Register your details below or call 03 8681 2222

Sydneysiders Take Their Money and Fly South

Sydneysiders Take Their Money and Fly South

Original article written by Annabel Hennessy for The Daily Telegraph, 29 October 2016. 

Western Sydney’s property market has boomed so much that it is now more expensive than Melbourne.

Billion-dollar infrastructure projects in Sydney’s West have seen prices skyrocket to the extent that property owners are now selling up and reinvesting interstate.

While Queensland had previously been the top choice for Sydney investors, Melbourne’s latte-sipping hipsters should be bracing themselves for a Western Sydney takeover as the Victorian capital starts to rank higher on the buyer radar.

Some Melbourne estates are now reporting that 10 per cent or more of their buyers are coming from Sydney.

New data from shows Melbourne apartments are receiving more interest from Sydney investors than local NSW suburbs. 

Based on suburb searches, Melbourne’s CBD was the second most searched for location from NSW buyers — outranking every local suburb with the exception of Alexandria. South Brisbane ranked as the 10th most searched for suburb. 

NSW was the only state in the country to see multiple areas outside its own state in the top 10. 

It comes as CoreLogic statistics show million dollar house prices have become the new norm in the Greater Parramatta area — with nine of the region’s suburbs crossing into the million-dollar territory for the first time over the past year. 

Parramatta’s median house price now sits at $1.02m. Other patches that have become million dollar suburbs are Ermington, Northmead, Dundas and Rydalmere. A year ago the only million-dollar suburb in the Greater Parramatta area was Epping. 

In comparison Melbourne’s median house price is $613,000. 

REA chief economist Nerida Conisbee said it was unsurprising that Western Sydneysiders were now looking to Melbourne as a cheaper alternative. 

“For Western Sydney people there’s obviously that opportunity to cash in on the boom and reinvest in Melbourne where they’re likely to find something bigger for less money,” Ms Conisbee said. 

“For blue collar workers that you might find in Western Sydney, Melbourne likely presents the same sort of job prospects, but property is obviously more affordable.”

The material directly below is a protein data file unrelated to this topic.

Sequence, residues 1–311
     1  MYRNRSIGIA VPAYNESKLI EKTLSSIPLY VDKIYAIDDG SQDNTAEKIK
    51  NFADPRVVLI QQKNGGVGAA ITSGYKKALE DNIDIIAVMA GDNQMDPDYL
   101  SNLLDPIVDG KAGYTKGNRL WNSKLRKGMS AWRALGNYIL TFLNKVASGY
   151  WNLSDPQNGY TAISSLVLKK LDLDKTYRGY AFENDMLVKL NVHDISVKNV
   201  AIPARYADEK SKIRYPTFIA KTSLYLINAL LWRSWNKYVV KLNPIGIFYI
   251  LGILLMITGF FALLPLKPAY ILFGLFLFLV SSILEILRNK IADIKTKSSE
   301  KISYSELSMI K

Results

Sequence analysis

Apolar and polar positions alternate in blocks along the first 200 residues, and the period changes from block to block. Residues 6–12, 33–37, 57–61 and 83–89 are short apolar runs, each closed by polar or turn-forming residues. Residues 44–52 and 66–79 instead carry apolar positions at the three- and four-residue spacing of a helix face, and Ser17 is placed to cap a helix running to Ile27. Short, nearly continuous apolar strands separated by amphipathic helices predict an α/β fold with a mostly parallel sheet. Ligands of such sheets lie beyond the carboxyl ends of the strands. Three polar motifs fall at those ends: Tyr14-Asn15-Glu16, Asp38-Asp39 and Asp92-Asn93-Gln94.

Matthew Planner is the project director for the Merrifield housing estate about 30km north of Melbourne CBD. Mr Planner said of the 1200 lots sold so far more than 10 per cent of them had gone to Sydneysiders — the bulk of which were from the west. 

“I think the main thing driving them is affordability. Here they can buy a house and a land package for less than what a block of land in Sydney would cost them,” Mr Planner said. 

“They are also close to the city here. So we’re seeing both investors and those who are actually making the move over. A lot of them (are) families who want their kids to have a backyard.” 

Marshall White projects director Leonard Teplin works on more than 15 developments across Melbourne and said he had also observed the rise of Sydney buyers. 

“I largely see investors, but some buy initially as an investment with the view that they will move themselves later,” Teplin said. 

“What surprises me is that often they’ll buy blind online without viewing the property first.” 


From Parramatta to Melbourne

AFTER more than 10 years in Parramatta, Harish Mohindru and his wife Krishma are finally ready to say goodbye. 

Mr Mohindru said they both loved the Western Sydney area but, after seeing house prices skyrocket, the couple are selling up and moving to Melbourne. 

Mr Mohindru has sold his Parramatta apartment and is building a four-bedroom house in Melbourne’s Merrifield estate with his profits. He said it was hard to believe just how much Western Sydney had boomed in recent years. 

“I think if I was to build a house here it would cost me about twice as much as it would in Melbourne,” Mr Mohindru said. 

“Land values here have just kept going up and up.” “A lot of the nice houses in the area are a million dollars or more.” Mr Mohindru, who has a four-year-old son Nabbhay, said having a backyard had been a priority for the family. “A lot of my friends are doing the same thing — in Melbourne they can buy cheaper and closer to the city,” Mr Mohindru said. “It should be a good place to raise a family.”